The Chicago Foreign Language Press Survey was published in 1942 by the Chicago Public Library Omnibus Project of the Works Progress Administration of Illinois. The purpose of the project was to translate and classify selected news articles that appeared in the foreign language press from 1855 to 1938. The project consists of 120,000 typewritten pages translated from newspapers of 22 different foreign language communities of Chicago.

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You are looking at one result from the German group.
This group has 7091 other articles.

This article was published in 1862.
40 articles were published that year.

This article has a primary subject code of "Effect upon United States Government and State Policies" (III B 1).
239 articles share this primary code.

  • Illinois Staats-Zeitung -- September 18, 1862
    A Request to Mr. Caspar Butz

    "Mr. Caspar Butz.

    "Honorable Sir: We agree with the Illinois Staats-Zeitung, and with all others who advocate a more vigorous prosecution of the war by invoking the principles of emancipation and confiscation, that one of the fourteen men whom the citizens of the State of Illinois are to elect to the National Congress should be a German.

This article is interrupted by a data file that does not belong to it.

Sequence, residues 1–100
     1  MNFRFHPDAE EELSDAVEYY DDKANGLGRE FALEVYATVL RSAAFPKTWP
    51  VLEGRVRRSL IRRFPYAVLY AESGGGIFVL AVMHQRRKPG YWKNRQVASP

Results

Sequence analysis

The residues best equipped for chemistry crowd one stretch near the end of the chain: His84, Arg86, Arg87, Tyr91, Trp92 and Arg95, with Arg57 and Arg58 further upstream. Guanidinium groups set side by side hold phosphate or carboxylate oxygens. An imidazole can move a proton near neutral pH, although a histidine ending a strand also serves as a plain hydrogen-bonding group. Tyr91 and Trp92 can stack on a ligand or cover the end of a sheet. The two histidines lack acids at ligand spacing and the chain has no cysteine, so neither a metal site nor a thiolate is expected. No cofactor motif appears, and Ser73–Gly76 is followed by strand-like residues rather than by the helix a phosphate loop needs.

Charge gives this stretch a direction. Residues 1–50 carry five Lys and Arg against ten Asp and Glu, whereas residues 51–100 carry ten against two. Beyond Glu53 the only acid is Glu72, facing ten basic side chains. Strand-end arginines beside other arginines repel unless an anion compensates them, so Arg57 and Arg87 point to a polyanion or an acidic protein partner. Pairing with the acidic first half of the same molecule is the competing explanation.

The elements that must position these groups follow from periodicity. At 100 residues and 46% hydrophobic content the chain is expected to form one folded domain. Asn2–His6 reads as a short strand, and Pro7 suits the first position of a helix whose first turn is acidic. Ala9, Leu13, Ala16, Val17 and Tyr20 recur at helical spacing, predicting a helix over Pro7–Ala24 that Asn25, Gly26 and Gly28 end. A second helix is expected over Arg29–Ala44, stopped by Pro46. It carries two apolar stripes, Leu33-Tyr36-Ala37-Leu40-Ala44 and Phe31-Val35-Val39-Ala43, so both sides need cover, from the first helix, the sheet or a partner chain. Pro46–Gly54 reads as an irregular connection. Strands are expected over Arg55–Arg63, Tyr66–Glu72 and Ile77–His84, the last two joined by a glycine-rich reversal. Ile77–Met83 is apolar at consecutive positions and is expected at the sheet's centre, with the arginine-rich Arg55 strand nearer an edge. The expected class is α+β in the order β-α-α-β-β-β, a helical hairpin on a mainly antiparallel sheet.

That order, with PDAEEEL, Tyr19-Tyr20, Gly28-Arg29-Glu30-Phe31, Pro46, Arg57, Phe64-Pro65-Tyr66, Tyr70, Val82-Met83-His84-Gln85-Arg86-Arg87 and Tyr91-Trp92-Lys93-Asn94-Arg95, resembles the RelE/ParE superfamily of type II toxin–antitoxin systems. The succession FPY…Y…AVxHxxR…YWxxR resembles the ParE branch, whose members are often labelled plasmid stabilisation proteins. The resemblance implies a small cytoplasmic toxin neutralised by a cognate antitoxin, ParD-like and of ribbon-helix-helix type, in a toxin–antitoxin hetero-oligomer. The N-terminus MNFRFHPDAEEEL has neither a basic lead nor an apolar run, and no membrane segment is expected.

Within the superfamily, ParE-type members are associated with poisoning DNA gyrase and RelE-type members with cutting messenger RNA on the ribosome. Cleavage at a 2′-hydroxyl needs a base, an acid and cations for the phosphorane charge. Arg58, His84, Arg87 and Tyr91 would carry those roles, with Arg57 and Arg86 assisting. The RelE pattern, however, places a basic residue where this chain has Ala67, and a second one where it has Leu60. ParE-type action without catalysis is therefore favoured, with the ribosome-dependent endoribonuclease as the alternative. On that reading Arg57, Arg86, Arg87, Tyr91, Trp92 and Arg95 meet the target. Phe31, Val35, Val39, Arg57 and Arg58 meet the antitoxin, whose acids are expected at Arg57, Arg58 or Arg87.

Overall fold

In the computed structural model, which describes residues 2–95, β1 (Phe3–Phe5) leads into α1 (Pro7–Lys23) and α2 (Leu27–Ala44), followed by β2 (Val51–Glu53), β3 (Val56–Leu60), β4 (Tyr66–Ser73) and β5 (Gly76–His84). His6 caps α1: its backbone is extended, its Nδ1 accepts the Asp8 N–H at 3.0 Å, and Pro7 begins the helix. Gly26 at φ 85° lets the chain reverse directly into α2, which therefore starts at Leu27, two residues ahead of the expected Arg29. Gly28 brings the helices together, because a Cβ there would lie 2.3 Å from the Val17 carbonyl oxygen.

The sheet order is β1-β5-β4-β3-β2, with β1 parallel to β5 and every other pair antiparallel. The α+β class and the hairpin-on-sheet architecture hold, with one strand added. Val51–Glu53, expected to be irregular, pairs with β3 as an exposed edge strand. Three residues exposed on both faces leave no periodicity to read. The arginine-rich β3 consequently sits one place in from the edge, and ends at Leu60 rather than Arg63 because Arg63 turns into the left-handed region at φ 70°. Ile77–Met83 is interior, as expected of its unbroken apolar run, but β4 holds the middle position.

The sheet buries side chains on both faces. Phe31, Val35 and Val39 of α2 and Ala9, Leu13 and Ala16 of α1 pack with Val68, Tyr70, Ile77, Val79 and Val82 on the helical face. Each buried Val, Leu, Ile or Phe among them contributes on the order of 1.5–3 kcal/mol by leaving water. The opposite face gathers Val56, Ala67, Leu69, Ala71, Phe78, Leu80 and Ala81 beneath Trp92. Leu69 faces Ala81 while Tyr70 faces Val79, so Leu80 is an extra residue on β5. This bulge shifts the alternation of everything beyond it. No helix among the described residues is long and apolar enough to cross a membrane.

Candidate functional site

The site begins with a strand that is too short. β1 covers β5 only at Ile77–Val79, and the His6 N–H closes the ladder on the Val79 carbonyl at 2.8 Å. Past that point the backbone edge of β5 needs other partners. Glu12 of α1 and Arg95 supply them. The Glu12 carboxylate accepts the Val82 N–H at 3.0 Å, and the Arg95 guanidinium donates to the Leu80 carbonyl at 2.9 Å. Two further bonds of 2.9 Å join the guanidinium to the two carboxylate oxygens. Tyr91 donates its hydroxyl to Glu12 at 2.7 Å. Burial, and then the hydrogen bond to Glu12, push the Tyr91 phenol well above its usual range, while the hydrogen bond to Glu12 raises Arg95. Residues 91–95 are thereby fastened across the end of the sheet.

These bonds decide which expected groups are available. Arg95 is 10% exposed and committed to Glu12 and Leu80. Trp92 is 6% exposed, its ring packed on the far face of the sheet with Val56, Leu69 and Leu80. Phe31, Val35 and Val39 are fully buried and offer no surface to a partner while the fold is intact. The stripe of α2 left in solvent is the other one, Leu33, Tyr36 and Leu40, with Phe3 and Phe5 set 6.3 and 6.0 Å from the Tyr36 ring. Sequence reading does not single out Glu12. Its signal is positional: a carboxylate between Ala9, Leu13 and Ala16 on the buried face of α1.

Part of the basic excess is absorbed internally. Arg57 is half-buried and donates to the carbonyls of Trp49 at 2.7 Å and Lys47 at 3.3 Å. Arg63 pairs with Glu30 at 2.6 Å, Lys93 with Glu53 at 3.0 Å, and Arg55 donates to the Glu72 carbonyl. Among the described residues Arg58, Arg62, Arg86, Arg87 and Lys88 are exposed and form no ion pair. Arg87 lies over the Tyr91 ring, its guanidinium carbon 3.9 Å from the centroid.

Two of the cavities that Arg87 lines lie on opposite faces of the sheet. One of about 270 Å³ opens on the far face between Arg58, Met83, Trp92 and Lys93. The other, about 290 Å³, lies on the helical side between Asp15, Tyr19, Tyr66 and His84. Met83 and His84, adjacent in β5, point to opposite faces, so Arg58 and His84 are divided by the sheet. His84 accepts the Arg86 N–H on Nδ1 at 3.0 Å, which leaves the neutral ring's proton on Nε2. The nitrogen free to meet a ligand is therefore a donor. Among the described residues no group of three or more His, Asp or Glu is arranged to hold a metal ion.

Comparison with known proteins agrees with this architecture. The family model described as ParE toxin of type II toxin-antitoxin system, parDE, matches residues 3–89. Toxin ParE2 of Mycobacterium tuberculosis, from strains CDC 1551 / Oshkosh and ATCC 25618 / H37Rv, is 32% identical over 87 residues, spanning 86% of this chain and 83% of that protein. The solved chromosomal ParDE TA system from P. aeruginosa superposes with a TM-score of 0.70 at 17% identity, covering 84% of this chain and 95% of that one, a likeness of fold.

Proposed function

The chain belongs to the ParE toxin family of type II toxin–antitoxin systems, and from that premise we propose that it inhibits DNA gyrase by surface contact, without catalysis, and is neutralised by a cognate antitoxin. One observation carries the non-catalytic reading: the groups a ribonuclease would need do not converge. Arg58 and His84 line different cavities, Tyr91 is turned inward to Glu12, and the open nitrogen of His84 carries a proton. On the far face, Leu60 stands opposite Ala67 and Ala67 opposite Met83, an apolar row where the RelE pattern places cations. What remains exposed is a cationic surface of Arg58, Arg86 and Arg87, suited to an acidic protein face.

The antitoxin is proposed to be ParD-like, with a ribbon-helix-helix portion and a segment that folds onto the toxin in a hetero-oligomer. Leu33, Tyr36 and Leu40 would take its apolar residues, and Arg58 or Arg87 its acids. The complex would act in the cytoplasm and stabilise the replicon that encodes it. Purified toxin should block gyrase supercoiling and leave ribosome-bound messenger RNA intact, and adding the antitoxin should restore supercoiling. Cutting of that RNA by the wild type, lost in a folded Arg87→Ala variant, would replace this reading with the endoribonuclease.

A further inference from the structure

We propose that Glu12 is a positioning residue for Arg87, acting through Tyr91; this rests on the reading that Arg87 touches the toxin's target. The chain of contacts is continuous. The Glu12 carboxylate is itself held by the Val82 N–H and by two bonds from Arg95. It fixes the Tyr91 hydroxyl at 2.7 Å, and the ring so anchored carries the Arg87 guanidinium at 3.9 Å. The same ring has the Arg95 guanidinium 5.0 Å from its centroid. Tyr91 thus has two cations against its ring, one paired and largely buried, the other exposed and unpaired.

"Since we are convinced that you are well qualified to fill so important a position, we beg your permission to place your name in nomination as candidate for Congressman at large in the coming state convention of the Republican party, and to put forth our best efforts in behalf of said candidacy.

    "We need not remind you how important it is for the Germans of this State, 2and for the Germans of the whole country in general, that an able, honest German be a member of the Congress of the United States during this great national crisis. He would not only express the liberal principles of freedom which Germans advocate and which are the only means of saving and restoring the Union, but, at the same time, he would also defend the interests of the Germans in America against the nativists, whose attacks upon us and especially upon our great leaders and heros, including, for instance, Sigel and Hecker, are growing bolder and more violent from day to day.

    "The task which we wish to entrust to you is a very difficult one, but it is also a glorious task; and we know that you are equal to it, for we have evidence of your good character, your knowledge and skill and your experience in the American way of living.

    "Hoping that you will not refuse to comply with our request, we remain


    "Very respectfully yours,

    "A. C. Hesing,

    "John H. Muehlke,

    "Heinrich Greenbaum,

    [and fifty-eight others]."

    III B 1, I G, IV